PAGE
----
François Truffaut once said that "Film lovers are sick people." He may have been on to something.
Wednesday, August 31, 2011
Film Review: Kill List (2011)
Jay (Neil Maskell) and Gal (Michael Smiley) are a pair of former soldiers turned hitmen who are hired by a mysterious group to take out people whose names appear on the eponymous list. Whilst the job starts out as fairly normal, things become increasingly sinister as ominous threats start showing up at Jay's house, suggesting this his wife Shel (MyAnna Buring) and son Sam (Harry Simpson) might be in danger if he continues on the path that he is treading.
To say much more about the plot of Kill List, the second feature from director Ben Wheatley, would be to ruin the fun of it. Like any good horror film, a lot of its best moments would be rendered tame if described out of context, without the great sound design or queasy sense of unease that permeates the film. Kill List is best understood by being experienced, rather than by picking over its best moments.
Then again, Kill List isn't the sort of horror film that has easily described money shots. There aren't that many identifiable setpieces designed purely to shock or terrify the audience - with the possible exceptions of several nocturnal excursions and a nauseatingly brutal scene involving a hammer - since the power of the film comes from an ever growing sense of dread that starts as a quiet, gnawing menace and ratchets up as the film progresses. It feels less like a film influenced by other horror films than one inspired by the works of Harold Pinter, particularly 'The Dumb Waiter', with its plot about two hitmen discussing the nature of their work and details of a specific job that they don't understand, and 'The Birthday Party', with its air of threat and menace surrounding a man who doesn't quite grasp why he is being threatened in the first place.
Much of the reason why Kill List is so scary is how unpredictable it is. The editing of the film is very choppy, with scenes that don't have conventional rhythms to them, that either start or end abruptly, or which go on for longer than you would expect. It's hard to tell what kind of scene you're going to get at any moment, and the inclusion of the aforementioned hammer scene very early on in the film removes the safety net by making you uneasy about the intentions of the film-makers. There's something slightly dangerous about Kill List, a quality only found in films like the original Japanese Ring or the original Texas Chainsaw Massacre.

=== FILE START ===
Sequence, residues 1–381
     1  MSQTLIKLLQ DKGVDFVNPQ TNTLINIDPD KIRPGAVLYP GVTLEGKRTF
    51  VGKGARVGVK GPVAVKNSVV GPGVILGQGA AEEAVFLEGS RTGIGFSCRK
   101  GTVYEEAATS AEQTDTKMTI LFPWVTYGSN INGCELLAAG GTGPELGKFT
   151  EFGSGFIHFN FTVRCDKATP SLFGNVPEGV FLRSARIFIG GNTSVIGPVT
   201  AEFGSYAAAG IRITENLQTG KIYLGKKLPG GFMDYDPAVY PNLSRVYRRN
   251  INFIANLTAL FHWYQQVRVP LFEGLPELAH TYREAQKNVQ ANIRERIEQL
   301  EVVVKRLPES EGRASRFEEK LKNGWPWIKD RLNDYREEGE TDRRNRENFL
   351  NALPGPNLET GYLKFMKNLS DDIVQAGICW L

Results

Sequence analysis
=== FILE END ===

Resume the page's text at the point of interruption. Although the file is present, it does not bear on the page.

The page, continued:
Adding to the disorientating nature of the film is just how funny it is. Ben Wheatley's background is in television comedy, and the script has lots of very funny little asides and quips thrown in to even the bleakest moments of death and mayhem. It's a major boon to the film that there is a natural chemistry between Maskell and Smiley that is irresistible, and you could easily take the scenes of them shooting the breeze out of the film and have them as their own funny, Withnail & I-style road trip comedy.
These scenes largely act as ways of relieving the tension, which is pretty much constant, but in doing so they just make the film more volatile. Very early on in the story there is a dinner party attended by Jay, Shel, Gal and Gal's date Fiona (Emma Fryer) which veers suddenly and jarringly from funny and lighthearted to uncomfortable and threatening on multiple occasions. As well as being a very well executed scene, even if it does feel like it's been dropped in from Nil By Mouth, it plants the thought in the audiences' mind that this film can switch from fun to frightening in a heartbeat, so even the moments of levity are tinged with foreboding.
For all its good points, there is a real problem with Kill List, and unfortunately it's a problem that arises from the film's greatest strength; it's ambiguity. For the first two-thirds of the film, there is little sense of why Jay and Gal are on their mission, who they are working for, or who it is that they are killing. All we know of their victims are their professions, which are displayed in massive stark white letters (The Priest, The Librarian etc.) as jarring chapter headings. The lack of any clear definition gives the film a vaguely absurdist air, again, like the work of Pinter or Samuel Beckett. We don't really know what is going on or where the film is heading, and that uncertainty is terrifying.
In its third act, Kill List introduces an explanation, and once it does it loses a lot of its power. It still manages to get a few good shocks in along the way, but by resolving the mystery of the film, albeit in a way which is, in keeping with the rest of the film, pretty oblique, it detracts from what has gone before. It wasn't enough to ruin the film for me, because I still had a very good time watching the film up until that point, but my interest waned considerably once explanation was offered, and once it became apparent that explanation was pretty uninteresting. That doesn't mean that I didn't spend the first two-thirds of the film on edge, though.
Despite that glaring problem, Kill List is a superior genre offering. Suspenseful, brutal, funny and unnerving, it's a film that actively resists the idea of being an easy watch. It's one of the most genuinely unsettling films I've seen in a while, even if it ultimately fails to deliver a destination worthy of the journey.
By Edwin Davies
Labels: 2011, Ben Wheatley, comedy, film review, horror, Kill List